D
Just use a wirenut there and in the box, a small yellow or orange is fine, a red or tan if you only have them.

Later when the missus wants another receptacle or light nearby, you will be ready to go.
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Old 05-17-2012, 12:20 PM   #8
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3 wire romex to electrical panel and GFI?


If you do not know how to run a multiwire branch circuit properly, tell us now and we can explain.
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Old 05-17-2012, 12:27 PM   #9
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3 wire romex to electrical panel and GFI?


I have wired other CB's up in the past for new circuits. Obviously I am not an electrician, although I do have an electronics background.

And I know how to just not use the red wire in this 3 wire 20 Amp romex for this GFI outlet and connect it as a 2 wire romex.

The uncertainty that I have is in regards to accepted electrical practices. I've never seen a three wire romex enter a service panel. Would an inspector open the panel and inspect and see the capped off red wire and that be an issue for him/her?

Thanks!
D
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Old 05-17-2012, 12:29 PM   #10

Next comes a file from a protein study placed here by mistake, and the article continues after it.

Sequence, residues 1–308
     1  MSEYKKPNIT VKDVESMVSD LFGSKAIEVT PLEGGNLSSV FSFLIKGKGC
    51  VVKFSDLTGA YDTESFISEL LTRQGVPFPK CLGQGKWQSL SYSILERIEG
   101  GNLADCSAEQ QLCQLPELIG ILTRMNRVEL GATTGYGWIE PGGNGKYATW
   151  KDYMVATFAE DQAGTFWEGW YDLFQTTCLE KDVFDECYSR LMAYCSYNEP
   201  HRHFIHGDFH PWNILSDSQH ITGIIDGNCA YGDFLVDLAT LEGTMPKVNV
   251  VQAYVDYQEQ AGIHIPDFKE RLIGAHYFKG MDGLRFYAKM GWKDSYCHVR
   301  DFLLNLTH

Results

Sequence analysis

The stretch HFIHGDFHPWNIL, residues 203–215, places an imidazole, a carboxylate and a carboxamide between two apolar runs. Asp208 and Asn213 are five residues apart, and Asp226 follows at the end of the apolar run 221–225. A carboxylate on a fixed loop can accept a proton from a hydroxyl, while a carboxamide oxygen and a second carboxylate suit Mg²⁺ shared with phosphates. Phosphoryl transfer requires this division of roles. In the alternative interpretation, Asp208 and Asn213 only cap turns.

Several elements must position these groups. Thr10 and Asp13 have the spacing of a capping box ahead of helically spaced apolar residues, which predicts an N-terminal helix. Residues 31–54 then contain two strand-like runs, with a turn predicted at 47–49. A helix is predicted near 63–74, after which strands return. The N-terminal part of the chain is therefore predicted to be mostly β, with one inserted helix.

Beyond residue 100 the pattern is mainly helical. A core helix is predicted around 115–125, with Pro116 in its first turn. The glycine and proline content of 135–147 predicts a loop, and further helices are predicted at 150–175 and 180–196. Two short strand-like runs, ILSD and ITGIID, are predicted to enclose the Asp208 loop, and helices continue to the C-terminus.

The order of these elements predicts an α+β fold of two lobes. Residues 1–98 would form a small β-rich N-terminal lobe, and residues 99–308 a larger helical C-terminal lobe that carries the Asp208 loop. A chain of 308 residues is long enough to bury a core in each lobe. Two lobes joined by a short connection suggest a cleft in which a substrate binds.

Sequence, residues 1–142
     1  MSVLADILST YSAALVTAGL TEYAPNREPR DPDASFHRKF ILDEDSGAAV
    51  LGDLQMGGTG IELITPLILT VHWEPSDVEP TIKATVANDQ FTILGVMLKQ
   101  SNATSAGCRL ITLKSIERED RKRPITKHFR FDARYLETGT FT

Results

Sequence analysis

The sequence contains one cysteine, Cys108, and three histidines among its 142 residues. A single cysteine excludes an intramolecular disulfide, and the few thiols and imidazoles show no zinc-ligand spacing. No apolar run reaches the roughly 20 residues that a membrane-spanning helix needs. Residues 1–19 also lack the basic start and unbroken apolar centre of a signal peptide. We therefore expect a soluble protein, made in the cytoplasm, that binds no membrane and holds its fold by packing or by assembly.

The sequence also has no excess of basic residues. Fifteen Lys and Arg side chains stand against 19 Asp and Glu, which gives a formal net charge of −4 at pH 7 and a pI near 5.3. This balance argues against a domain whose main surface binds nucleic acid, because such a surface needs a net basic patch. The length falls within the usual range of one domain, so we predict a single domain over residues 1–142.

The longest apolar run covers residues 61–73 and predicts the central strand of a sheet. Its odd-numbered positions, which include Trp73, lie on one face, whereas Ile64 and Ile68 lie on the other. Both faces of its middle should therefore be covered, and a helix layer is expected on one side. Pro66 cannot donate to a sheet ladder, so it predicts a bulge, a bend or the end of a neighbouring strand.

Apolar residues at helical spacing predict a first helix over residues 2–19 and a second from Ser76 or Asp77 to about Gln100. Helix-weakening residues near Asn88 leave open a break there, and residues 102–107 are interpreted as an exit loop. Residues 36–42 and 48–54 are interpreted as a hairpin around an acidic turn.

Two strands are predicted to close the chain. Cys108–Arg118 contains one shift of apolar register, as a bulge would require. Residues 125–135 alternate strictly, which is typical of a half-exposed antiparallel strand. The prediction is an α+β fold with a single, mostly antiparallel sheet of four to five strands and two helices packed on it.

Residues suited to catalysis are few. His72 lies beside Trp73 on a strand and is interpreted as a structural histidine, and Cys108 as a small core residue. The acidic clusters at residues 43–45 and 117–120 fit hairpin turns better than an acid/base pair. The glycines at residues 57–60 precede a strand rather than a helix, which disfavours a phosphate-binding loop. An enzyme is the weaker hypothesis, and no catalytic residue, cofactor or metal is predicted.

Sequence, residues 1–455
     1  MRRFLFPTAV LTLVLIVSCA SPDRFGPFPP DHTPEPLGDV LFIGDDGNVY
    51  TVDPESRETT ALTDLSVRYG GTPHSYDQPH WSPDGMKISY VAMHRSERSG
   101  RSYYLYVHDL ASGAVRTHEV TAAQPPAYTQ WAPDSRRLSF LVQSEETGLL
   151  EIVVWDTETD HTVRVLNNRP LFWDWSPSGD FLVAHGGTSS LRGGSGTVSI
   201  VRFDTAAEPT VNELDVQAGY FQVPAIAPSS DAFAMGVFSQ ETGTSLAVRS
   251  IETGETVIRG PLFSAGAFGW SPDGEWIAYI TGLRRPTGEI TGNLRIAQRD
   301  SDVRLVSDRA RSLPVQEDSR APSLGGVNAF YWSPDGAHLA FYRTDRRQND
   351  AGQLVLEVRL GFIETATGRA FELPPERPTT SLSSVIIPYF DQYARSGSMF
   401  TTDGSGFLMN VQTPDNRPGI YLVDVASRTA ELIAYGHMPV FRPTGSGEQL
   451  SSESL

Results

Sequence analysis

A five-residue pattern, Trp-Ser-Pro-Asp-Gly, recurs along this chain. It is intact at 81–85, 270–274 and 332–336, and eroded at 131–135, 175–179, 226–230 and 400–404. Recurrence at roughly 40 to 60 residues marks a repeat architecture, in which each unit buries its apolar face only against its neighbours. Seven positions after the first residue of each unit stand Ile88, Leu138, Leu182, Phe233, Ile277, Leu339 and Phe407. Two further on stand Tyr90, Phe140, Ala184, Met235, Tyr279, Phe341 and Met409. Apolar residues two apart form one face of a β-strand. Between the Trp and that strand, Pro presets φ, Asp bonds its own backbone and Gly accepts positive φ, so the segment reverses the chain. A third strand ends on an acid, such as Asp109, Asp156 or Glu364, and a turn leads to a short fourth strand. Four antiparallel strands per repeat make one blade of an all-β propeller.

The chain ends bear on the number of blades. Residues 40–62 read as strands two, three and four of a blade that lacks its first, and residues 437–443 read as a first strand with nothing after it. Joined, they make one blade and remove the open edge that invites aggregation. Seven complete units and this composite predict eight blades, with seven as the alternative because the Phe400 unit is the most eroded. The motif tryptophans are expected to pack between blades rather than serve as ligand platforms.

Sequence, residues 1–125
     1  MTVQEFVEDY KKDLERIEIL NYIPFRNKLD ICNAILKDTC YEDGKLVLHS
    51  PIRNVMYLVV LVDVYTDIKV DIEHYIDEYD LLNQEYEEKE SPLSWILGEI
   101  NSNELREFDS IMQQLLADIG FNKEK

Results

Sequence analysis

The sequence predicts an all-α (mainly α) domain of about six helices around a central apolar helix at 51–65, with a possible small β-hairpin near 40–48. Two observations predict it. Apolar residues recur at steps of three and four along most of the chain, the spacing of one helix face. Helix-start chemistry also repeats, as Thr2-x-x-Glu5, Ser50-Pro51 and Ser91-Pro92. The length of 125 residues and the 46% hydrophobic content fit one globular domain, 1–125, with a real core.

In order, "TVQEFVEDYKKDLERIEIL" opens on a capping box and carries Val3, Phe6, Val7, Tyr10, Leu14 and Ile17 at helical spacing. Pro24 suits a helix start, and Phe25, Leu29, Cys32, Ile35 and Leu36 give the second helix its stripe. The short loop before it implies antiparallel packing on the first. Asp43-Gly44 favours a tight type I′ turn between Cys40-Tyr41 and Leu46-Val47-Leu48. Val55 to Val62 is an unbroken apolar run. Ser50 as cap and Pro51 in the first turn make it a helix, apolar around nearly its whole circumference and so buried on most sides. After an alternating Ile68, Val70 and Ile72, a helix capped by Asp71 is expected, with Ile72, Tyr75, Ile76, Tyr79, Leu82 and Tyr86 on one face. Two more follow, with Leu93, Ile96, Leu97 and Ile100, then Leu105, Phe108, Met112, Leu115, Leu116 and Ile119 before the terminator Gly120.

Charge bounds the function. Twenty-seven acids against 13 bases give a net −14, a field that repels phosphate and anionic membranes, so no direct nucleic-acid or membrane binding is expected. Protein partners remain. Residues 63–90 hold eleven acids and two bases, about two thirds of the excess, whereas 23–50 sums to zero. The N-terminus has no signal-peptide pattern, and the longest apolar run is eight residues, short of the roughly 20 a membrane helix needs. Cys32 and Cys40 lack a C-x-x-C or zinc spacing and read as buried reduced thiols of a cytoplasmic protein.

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3 wire romex to electrical panel and GFI?


Quote:
Originally Posted by dvarga View Post
I have wired other CB's up in the past for new circuits. Obviously I am not an electrician, although I do have an electronics background.

And I know how to just not use the red wire in this 3 wire 20 Amp romex for this GFI outlet and connect it as a 2 wire romex.

The uncertainty that I have is in regards to accepted electrical practices. I've never seen a three wire romex enter a service panel. Would an inspector open the panel and inspect and see the capped off red wire and that be an issue for him/her?

Thanks!
D
Nope.
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Old 05-17-2012, 12:34 PM   #11
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3 wire romex to electrical panel and GFI?


jbfan answered your question, but you did not answer mine.

Do you know the proper way to get two circuits from this one cable?
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Old 05-17-2012, 12:47 PM   #12
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3 wire romex to electrical panel and GFI?


Code05,

No I do not know how to get two circuits from this one cable. I'd like to know.

D
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Old 05-17-2012, 02:00 PM   #13
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3 wire romex to electrical panel and GFI?


Dvarga,

you can learn alot about this by searching for shared neutral circuits or multi-wire branch circuits (MWBC) on this forum, but here is the short version.

Two hots from opposite "phases" on the busbar are both 120V to ground (and 240 V to each other). Your circuit consists of 2 hots and one neutral. The neutral carries the unbalanced circuit current back to the panel. The balanced current from the 2 phases cancels out and doesnt even go back to the panel (so if one side is using 9 amsp and the other 4 only 5 goes back to the panel neutral bar)

The way to wire it is to get a 2-pole breaker (20A or 15A) and attach the red and black wires to this breaker. It does not matter which is attached to which screw.

The white goes on the neutral bar.